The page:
By Karl West Last updated at 10:28 PM on 23rd February 2009
This vexed question is all the more contentious when one of the main partners in this group - Metrix - is the controversial French catering group Sodexo.
The company took its place as one of the two equity partners earlier this month alongside QinetiQ (down 4¼p at 137p), the equally controversial defence research company.
Sodexo is not widely known in the UK, but serious questions remain about its suitability to help run such a strategically important contract.
Only a few years ago it was dragged through the US courts by thousands of its own African-American staff, who claimed they had been discriminated against on the basis of their race.
The company fought the legal action, which claimed it systematically denied promotions to 3,400 black mid-level managers, but in 2005 agreed to settle for $80million.
Sodexo has also made headlines over the quality and preparation of its food. The 2004 film Super Size Me slammed its policies on child nutrition in US schools, where it supplies catering services.
In Britain, a 2004 Channel 4 documentary exposed the unhygienic preparation of food by Tillery Valley Foods, one of its subsidiaries.
Sodexo has also come under fire in Britain for its management of the Harmondsworth Detention Centre, which is home to many asylum seekers.
In 2006, Anne Owers, HM Inspector of Prisons, criticised the company for allowing Harmondsworth to 'slip into a culture and approach which was wholly at odds with its stated purpose'.
She said this was 'essentially a problem of management'. The report followed two deaths at the centre in 2004.
A spokesman said: 'The allegations regarding TVF and Harmondsworth are over three years old and do not reflect how these establishments are run.'
The company was also accused of supplying catering at Guantanamo Bay in Cuba and the Abu Ghraib prison in Iraq. Although Sodexo is the preferred catering contractor of the US Marines, the companydenies having ever worked at either facility.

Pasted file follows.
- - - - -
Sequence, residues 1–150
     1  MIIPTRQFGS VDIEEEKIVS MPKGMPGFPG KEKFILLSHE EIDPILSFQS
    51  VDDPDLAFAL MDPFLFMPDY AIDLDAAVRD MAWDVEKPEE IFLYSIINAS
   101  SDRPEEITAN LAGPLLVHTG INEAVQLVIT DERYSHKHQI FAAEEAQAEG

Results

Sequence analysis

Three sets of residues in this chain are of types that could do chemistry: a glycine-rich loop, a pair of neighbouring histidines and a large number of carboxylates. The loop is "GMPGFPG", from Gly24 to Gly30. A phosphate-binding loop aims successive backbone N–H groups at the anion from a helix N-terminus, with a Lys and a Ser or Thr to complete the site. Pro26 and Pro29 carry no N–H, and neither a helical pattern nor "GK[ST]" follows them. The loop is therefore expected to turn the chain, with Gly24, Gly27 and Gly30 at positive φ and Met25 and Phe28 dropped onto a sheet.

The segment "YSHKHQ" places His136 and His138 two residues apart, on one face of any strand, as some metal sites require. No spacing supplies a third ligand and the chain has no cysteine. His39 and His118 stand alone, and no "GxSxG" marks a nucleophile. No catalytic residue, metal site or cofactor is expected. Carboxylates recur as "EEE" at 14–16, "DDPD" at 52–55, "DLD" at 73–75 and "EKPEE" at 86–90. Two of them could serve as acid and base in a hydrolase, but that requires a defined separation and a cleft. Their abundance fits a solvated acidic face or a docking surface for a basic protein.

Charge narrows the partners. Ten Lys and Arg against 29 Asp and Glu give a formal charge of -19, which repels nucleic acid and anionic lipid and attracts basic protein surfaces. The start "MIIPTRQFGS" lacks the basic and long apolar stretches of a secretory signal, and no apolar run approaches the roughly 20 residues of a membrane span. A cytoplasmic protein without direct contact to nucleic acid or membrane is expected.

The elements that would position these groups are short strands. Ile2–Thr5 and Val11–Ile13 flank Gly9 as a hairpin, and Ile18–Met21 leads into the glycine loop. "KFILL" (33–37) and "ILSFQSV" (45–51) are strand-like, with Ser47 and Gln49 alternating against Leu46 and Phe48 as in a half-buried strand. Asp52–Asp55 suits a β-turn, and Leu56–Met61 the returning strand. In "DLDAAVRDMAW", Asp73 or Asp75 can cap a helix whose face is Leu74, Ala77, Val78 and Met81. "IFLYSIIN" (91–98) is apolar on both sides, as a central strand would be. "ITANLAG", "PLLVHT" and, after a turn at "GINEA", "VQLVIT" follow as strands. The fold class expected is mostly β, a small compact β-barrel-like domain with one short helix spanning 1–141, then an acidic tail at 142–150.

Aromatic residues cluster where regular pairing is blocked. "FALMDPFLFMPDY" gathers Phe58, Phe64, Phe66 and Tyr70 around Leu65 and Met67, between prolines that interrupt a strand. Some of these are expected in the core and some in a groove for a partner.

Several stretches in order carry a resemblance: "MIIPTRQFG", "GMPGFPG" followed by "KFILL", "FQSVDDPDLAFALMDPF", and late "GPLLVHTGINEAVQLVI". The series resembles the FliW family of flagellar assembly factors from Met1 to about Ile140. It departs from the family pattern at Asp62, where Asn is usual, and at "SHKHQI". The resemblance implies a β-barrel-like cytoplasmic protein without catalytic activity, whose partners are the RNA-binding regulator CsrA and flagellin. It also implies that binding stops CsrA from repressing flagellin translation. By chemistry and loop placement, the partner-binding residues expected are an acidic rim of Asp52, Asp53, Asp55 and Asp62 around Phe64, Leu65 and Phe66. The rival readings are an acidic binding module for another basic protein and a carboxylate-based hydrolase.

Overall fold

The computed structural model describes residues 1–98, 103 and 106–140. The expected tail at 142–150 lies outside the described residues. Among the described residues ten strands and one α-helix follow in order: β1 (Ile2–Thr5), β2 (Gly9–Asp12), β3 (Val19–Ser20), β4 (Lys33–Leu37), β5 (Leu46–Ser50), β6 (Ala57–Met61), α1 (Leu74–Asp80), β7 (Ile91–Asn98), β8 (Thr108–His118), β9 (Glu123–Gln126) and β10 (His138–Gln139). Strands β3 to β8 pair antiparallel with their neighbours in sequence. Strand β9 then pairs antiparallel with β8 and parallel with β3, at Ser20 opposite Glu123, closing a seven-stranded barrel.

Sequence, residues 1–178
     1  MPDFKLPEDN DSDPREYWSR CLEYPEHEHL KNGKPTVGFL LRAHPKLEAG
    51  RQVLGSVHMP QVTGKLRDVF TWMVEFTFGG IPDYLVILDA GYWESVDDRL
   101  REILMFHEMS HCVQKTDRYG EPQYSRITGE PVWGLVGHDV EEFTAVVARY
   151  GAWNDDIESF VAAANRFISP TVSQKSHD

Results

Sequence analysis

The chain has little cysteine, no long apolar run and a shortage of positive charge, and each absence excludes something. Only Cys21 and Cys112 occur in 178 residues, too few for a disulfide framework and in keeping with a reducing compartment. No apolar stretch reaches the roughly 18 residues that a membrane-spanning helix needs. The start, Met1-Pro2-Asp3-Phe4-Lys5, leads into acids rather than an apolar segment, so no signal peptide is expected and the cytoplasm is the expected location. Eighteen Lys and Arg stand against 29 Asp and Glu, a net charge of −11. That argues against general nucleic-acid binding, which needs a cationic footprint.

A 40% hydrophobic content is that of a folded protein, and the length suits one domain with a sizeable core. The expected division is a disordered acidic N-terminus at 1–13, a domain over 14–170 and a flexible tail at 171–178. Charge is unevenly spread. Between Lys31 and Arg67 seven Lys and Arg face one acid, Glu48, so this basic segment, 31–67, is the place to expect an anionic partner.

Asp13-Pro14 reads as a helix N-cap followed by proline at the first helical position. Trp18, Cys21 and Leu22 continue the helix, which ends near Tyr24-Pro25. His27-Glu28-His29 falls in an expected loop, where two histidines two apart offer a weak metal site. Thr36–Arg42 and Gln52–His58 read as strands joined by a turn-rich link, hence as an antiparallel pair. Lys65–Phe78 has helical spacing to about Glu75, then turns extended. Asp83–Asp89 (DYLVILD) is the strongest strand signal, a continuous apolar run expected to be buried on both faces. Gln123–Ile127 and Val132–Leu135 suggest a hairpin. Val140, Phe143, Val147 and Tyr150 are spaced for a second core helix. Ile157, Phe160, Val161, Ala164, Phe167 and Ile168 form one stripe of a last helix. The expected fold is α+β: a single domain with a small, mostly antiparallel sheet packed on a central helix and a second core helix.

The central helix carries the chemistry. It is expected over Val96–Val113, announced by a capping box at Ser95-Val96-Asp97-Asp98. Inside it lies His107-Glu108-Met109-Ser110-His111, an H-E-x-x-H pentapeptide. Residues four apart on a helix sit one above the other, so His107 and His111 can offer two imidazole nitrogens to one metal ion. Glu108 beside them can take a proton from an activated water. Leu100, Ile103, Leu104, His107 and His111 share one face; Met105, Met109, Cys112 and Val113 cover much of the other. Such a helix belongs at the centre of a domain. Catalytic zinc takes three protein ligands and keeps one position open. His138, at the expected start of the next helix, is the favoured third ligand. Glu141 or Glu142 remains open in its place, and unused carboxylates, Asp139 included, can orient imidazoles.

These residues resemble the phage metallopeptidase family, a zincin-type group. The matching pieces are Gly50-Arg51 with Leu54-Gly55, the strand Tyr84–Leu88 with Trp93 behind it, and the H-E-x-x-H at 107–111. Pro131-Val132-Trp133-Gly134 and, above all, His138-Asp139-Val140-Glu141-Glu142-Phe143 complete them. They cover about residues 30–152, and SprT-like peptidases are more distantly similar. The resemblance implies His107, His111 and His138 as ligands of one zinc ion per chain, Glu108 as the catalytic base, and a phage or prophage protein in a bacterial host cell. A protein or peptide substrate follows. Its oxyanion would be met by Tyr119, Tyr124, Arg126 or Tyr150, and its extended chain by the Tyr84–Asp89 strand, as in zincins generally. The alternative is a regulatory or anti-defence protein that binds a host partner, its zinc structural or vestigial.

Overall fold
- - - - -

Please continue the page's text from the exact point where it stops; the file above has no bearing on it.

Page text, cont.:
'We have never been involved with these contracts. We manage US marine bases only on US territory,' a spokesman insisted.
Aside from these concerns, there are also serious misgivings in the defence industry about whether Sodexo has the capability to plug the gap left by Land Securities.
Sodexo said it was 'confident' it has the relevant expertise for the project, pointing out it is involved in 17 private finance projects and manages a range of services.
This includes taking responsibility for over 130 buildings at Colchester Garrison in Essex.
The key to Metrix's DTR plan is to slash the number of MoD training bases from 30 sites to about ten, with a main campus at RAF St Athan in South Wales, former home of the Vulcan bomber.
It had planned to keep the cost of the project in check by offloading the unwanted MoD sites to commercial property developers.
But since being appointed preferred bidder in January 2007, the value of land has plummeted and debt costs have soared.
As a result, the cost of delivering Metrix's plans have risen by £1billion to £12billion, making the government's biggest ever private finance deal look increasingly unviable.
As previously reported in the Daily Mail, the spiralling cost of the scheme has also attracted the attention of the National Audit Office, which has indicated it might probe the deal.
One industry source noted Sodexo's core competency, as a provider of 'soft' facilities management and catering, is completely different to the expertise in property development and estate management that Land Securities brought.
The source added: 'It suggests therefore that the MoD is going to take the risk on the land values dropping. It's all down to the taxpayer taking the risk.'
The MoD said the sale of surplus land is a 'long term process' and would not be affected by shortterm fluctuations in value. It added: 'The DTR... project is not dependent on funds raised through these (surplus land) disposals.'
While the bill for bailing out Britain's banks spirals ever higher, taxpayers can ill afford the additional financial burden.
And with the quality of soldier training on the line, the question of who runs this high profile contract might literally be one of life and death.